Determining Your Research Impact
An impact factor is one measure of the relative importance of a journal, individual publication, or research to literature and research.
Journal impact factors, citations to publications, h-index of researchers are used to measure the importance and impact of research.
Informed and careful use of impact and citation data is essential. It is important to ensure data is being used to compare like with like:
The journal impact factor is calculated on the average number of citations per paper published in that journal during the three preceding years.
Immediacy index based on the number of times articles published in the preceding year were cited in that year.
Eigenfactor Score, based on the number of citations received by articles in a journal, weighted by the rank of the journal the citations appear in.
Article Influence Score is a measure of the average influence of each of its articles over the first five years after publication.
Acceptance and circulation rates can be useful metrics in determining the relative importance of particular journals.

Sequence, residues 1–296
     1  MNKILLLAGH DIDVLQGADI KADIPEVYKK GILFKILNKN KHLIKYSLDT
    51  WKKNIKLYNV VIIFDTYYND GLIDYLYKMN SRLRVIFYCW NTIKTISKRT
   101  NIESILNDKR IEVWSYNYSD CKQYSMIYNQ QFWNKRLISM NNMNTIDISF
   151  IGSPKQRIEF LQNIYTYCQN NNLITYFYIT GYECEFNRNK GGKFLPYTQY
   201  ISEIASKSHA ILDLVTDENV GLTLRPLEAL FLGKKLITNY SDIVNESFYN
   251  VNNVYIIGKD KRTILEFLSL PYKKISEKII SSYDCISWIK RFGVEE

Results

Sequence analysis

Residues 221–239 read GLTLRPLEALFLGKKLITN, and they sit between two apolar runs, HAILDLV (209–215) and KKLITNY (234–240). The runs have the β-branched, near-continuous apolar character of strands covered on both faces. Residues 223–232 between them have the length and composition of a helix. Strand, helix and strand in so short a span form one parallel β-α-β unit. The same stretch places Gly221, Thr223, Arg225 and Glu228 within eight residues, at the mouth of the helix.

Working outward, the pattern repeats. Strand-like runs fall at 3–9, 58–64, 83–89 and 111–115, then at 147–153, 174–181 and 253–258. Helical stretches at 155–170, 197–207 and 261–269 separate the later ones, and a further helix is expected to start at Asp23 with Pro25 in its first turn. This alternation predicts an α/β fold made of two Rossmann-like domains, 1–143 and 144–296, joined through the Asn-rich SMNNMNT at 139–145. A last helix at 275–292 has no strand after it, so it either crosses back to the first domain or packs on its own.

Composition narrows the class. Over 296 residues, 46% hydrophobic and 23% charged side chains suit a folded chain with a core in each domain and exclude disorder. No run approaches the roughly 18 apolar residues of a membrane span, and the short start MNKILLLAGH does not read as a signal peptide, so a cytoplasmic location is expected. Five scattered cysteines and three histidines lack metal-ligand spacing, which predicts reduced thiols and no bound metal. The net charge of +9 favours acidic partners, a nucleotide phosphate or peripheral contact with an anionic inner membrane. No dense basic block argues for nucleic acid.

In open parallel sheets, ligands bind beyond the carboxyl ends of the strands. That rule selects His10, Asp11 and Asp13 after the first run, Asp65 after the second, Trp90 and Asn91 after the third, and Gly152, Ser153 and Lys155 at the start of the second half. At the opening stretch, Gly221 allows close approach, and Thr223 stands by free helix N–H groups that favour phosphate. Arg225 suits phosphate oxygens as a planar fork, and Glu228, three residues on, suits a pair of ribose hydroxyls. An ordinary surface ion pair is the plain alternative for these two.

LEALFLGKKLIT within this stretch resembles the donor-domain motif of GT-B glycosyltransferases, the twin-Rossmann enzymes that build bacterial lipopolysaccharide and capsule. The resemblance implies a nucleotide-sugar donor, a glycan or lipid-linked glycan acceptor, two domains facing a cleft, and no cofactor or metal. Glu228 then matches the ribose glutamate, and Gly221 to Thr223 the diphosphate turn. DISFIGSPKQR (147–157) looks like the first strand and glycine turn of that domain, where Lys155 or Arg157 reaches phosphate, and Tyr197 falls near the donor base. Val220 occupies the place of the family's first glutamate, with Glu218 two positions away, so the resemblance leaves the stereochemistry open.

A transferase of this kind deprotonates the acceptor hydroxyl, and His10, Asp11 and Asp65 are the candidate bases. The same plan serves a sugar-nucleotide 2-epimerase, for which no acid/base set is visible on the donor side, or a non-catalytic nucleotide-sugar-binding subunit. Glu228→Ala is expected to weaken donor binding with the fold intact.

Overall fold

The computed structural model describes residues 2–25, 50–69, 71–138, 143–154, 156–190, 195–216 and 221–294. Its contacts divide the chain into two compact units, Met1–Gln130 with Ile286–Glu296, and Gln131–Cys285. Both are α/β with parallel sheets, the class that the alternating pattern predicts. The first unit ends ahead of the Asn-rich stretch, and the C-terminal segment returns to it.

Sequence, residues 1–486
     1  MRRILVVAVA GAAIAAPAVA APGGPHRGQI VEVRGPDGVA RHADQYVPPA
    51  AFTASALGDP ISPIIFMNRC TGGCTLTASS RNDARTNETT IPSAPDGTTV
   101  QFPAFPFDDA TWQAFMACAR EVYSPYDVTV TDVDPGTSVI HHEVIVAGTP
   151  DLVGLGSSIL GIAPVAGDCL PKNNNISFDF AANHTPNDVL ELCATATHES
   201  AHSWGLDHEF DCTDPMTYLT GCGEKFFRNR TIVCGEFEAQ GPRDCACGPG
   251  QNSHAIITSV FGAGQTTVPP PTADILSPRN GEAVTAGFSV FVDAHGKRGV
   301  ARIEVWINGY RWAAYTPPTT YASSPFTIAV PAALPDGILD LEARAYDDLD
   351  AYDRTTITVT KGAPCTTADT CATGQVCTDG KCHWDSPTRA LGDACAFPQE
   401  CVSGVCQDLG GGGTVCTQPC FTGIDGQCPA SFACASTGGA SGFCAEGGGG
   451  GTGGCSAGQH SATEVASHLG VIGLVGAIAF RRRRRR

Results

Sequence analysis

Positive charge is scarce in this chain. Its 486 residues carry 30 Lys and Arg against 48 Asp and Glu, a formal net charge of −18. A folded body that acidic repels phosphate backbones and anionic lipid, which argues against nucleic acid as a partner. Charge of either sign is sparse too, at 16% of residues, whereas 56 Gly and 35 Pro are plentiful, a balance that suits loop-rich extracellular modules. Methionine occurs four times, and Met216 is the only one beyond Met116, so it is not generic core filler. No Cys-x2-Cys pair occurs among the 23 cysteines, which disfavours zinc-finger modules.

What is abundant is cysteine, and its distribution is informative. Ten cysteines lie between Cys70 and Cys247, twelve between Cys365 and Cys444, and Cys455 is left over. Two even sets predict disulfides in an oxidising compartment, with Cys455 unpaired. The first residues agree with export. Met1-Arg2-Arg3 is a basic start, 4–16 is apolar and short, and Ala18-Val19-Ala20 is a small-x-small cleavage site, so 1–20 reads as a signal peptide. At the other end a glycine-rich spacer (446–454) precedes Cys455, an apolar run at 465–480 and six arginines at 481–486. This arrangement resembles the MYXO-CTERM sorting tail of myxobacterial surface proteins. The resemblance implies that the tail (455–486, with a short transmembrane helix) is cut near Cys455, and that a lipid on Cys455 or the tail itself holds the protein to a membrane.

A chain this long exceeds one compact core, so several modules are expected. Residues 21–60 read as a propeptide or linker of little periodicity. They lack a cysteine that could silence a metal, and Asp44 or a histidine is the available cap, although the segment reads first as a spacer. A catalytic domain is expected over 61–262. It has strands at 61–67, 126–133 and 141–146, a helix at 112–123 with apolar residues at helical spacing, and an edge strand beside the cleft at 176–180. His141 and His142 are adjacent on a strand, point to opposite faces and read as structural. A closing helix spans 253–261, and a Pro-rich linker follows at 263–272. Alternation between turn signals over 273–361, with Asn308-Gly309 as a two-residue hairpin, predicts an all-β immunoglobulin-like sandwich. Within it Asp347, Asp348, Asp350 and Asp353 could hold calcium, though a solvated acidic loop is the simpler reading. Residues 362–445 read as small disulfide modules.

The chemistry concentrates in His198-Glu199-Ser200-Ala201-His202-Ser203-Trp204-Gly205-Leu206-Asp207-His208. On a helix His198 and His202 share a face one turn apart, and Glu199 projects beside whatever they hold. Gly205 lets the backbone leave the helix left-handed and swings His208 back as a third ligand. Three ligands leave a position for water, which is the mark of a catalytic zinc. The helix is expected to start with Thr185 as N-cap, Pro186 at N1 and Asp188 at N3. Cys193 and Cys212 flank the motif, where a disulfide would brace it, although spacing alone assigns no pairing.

CiteScore is based on the average citations received per document. It is calculated on the number of citations received by a journal in on year to documents published in the three previous years, divided by teh number of documents indexed in Scopus published in those same three years.
Citation analysis is a way of measuring the relative importance or impact of an author, an article, or a publication by counting the number of times that author, article, or publication has been cited by other works.
Why is citation analysis important? It provides answers to:
The results of citation analysis in various databases will vary depending on the tool(s) used and thoroughness of the search.
Why do different databases retrieve different results?
The citation data will relate only to articles indexed within the database. Variations occur because databases
The h-iindex is based on the set of a researcher's cited papers and the number of citations that the researcher has received in other people's publications.
The h-index is the largest number of articles/books that a researcher has published (N) that have been cited N times.
Example: If a researcher has 6 papers thave have been cited 6 or more times, their h-index is 6.
Three resources include the necessary citation data for h-index in their respective databases.
The h-index of an author will be different in each of these databases, since they calculate using their own journal content.
Alternative Metrics (Altmetrics) measure the impact of articles by counting mentions by social media sites and other web sources, not considered in traditional bibliometrics such as citation counts and impact factors. Altmetrics measure the impact of articles outside the means of traditional publishing, including